Thus, lawyers who use electronic smart speakers — even for taking dictation, scheduling meetings or putting on background music — should be careful to disable the listening aspects of these devices in order to preserve client confidentiality.[12]

Finally, law firms should ensure that any portable devices can be remotely wiped, so that confidential client information can be erased in the event that a laptop or smartphone is stolen, or inadvertently misplaced.

Analysis and Implications

As mentioned, ABA Ethics Opinion 498 links the lawyer's duty to maintain client confidences with the overall ethical obligation of competence under Rule 1.1, thereby raising the stakes for lawyers who might have previously lagged in technology.

While Opinion 498 is neither groundbreaking nor earth-shattering, it should be viewed as part of a larger movement by which lawyers are being exhorted to develop competence in 21st century technology, on pain of professional discipline.

Opinion 498 wisely builds on principles discussed in earlier opinions, including an August 2020 NYCLA opinion and a September 2020 opinion of the California State Bar Association, which considers a lawyer's ethical obligations with respect to unauthorized access by third parties to electronically stored confidential information.[13]

The California State Bar Association wrote in that opinion that law firms should take reasonable steps to secure their electronic data storage systems from the risk of unauthorized access to client confidential information, and should provide for remote lockdown and scrubbing in the event a portable device is lost or compromised.

In the event of a breach, "lawyers have an obligation to conduct a reasonable inquiry to determine the extent and consequences of the breach and to notify any client whose interests have a reasonable possibility of being negatively impacted by the breach."

Florida has gone even further, recently adopting a rule requiring all Florida lawyers to take three continuing legal education credit hours on technology in each three-year cycle, including use of encryption and other technology to preserve client confidential data.[14]

The cumulative effect of these recent ethics opinions is to elevate the bar for technological competence for lawyers.

Law firms that are subjected to cyber incidents, whether malicious or inadvertent, will find themselves scrutinized under these new developing standards, at risk of potential professional discipline or claims made by disgruntled clients whose confidential information was exposed or exfiltrated.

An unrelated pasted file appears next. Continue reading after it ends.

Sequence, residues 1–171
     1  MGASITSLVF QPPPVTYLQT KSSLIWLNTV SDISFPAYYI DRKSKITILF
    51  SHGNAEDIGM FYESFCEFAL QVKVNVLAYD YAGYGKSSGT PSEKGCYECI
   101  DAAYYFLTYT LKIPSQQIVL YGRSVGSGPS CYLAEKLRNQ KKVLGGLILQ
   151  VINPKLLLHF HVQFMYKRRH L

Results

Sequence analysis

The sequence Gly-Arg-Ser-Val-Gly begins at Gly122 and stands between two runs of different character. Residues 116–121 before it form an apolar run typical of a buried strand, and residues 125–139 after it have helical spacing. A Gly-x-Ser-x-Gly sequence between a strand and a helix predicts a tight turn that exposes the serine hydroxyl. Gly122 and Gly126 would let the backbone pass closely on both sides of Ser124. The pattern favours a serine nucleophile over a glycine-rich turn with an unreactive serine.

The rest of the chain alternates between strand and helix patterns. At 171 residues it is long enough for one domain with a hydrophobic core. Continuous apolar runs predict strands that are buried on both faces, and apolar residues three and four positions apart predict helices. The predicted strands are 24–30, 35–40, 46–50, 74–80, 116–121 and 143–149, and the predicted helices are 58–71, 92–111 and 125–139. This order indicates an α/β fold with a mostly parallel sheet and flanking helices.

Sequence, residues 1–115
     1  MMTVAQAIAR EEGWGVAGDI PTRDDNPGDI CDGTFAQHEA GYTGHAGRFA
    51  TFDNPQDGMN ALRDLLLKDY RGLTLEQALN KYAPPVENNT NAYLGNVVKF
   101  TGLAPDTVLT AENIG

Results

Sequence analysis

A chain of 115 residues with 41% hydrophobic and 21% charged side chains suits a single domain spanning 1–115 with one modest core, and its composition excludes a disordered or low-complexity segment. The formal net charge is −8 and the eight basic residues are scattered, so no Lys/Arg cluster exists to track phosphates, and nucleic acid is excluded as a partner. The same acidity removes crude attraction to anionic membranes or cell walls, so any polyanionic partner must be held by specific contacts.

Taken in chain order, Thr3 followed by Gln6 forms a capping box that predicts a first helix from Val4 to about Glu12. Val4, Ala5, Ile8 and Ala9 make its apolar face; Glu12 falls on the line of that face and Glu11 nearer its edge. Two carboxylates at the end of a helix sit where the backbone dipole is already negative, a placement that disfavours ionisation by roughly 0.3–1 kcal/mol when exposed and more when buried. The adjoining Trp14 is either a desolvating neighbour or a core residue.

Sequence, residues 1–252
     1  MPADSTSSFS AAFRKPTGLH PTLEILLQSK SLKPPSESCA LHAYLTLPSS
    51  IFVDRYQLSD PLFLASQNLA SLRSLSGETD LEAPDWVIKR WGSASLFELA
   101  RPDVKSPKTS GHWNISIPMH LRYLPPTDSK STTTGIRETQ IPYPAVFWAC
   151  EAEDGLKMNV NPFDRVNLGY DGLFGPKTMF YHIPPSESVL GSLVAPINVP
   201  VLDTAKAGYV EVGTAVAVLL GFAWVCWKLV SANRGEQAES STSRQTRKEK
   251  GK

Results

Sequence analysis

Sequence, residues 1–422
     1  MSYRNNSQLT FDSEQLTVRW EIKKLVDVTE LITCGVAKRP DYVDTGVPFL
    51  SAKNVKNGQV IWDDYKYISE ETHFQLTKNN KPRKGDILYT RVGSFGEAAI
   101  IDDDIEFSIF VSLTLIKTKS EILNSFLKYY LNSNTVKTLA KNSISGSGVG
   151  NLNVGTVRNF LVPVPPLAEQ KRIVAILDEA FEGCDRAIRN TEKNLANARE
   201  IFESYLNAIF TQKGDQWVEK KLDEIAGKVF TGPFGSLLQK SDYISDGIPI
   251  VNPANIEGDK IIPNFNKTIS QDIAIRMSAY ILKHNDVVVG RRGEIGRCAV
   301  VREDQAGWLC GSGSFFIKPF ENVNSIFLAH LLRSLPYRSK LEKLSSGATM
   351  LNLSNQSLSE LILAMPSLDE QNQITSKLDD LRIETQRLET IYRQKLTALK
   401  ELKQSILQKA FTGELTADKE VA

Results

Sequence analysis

A lawyer whose data was penetrated may be expected to answer questions about compliance with Opinion 498. And while the ethics rules themselves eschew their use as the basis for civil lawsuits,[15] many courts have permitted their admissibility, and creative plaintiffs lawyers may seek to impose new standards based upon 21st century technology.

Moreover, whether or not used to fashion a lawsuit, Opinion 498 makes clear that attorneys working remotely must make reasonable efforts to secure client information as part of their obligation of confidentiality. Accordingly, lawyers who wish to keep up with the times — and avoid claims — should take note and learn from this new opinion.



Jennifer Goldsmith is vice president of professional liability claims at Ironshore Inc., a part of Liberty Mutual Insurance Co.

Barry Temkin is a partner at Mound Cotton Wollan & Greengrass LLP, an adjunct professor at Fordham University School of Law, and former chair of the New York County Lawyers Association Committee on Professional Ethics.

The opinions expressed are those of the author(s) and do not necessarily reflect the views of the firm, its clients or Portfolio Media Inc., or any of its or their respective affiliates. This article is for general information purposes and is not intended to be and should not be taken as legal advice.


[1] ABA Formal Opinion 498 (March 10, 2021), https://www.americanbar.org/content/dam/aba/administrative/professional_responsibility/aba-formal-opinion-498.pdf.

[2] https://www.nycla.org/pdf/NYCLA%20Op.%20754-2020%20-%20Ethical%20Obligations%20when%20Lawyers%20Work%20Remotely.pdf.

[3] https://www.calbar.ca.gov/Portals/0/documents/ethics/Opinions/Formal-Opinion-No-2020-203-Data-Breaches.pdf.

[4] RPC 1.6(c); ABA Ethics Op. 498, at 2.

[5] See, e.g. New York Rule of Professional Conduct 1.6, https://www.nycourts.gov/ad3/AGC/Forms/Rules/Rules%20of%20Professional%20Conduct%2022NYCRR%20Part%201200.pdf.

[6] ABA Model Rule 1.1, Competence.

[7] New York Rules of Professional Conduct 1.1, comment 8.

[8] ABA Eth. Op. 498, at 6-7.

[9] ABA Eth. Op. 498, at 5.

[10] ABA Eth. Op. 498, at 4.

[11] ABA Eth. Op. 498, at 6.

[12] See, Barry Temkin and Brenda Dorsett, Lawyers' Digital Assistants Raise Ethics, Privacy Concerns, Law360 (May 23, 2019), https://www.law360.com/articles/1161964/lawyers-digital-assistants-raise-ethics-privacy-concerns.

[13] California State Bar Ethics Opinion 2020-203, https://www.calbar.ca.gov/Portals/0/documents/ethics/Opinions/Formal-Opinion-No-2020-203-Data-Breaches.pdf.

[14] FL Rule 6-10.3(b), https://floridabar.org (requiring three credit hours of CLE in "approved technology programs" for every three-year/33 credit cycle).

[15] See, e.g., New York Rules of Professional Conduct, comment 12 ("Violation of a Rule should not itself give rise to a cause of action against a lawyer nor should it create any presumption in such a case that a legal duty has been breached.").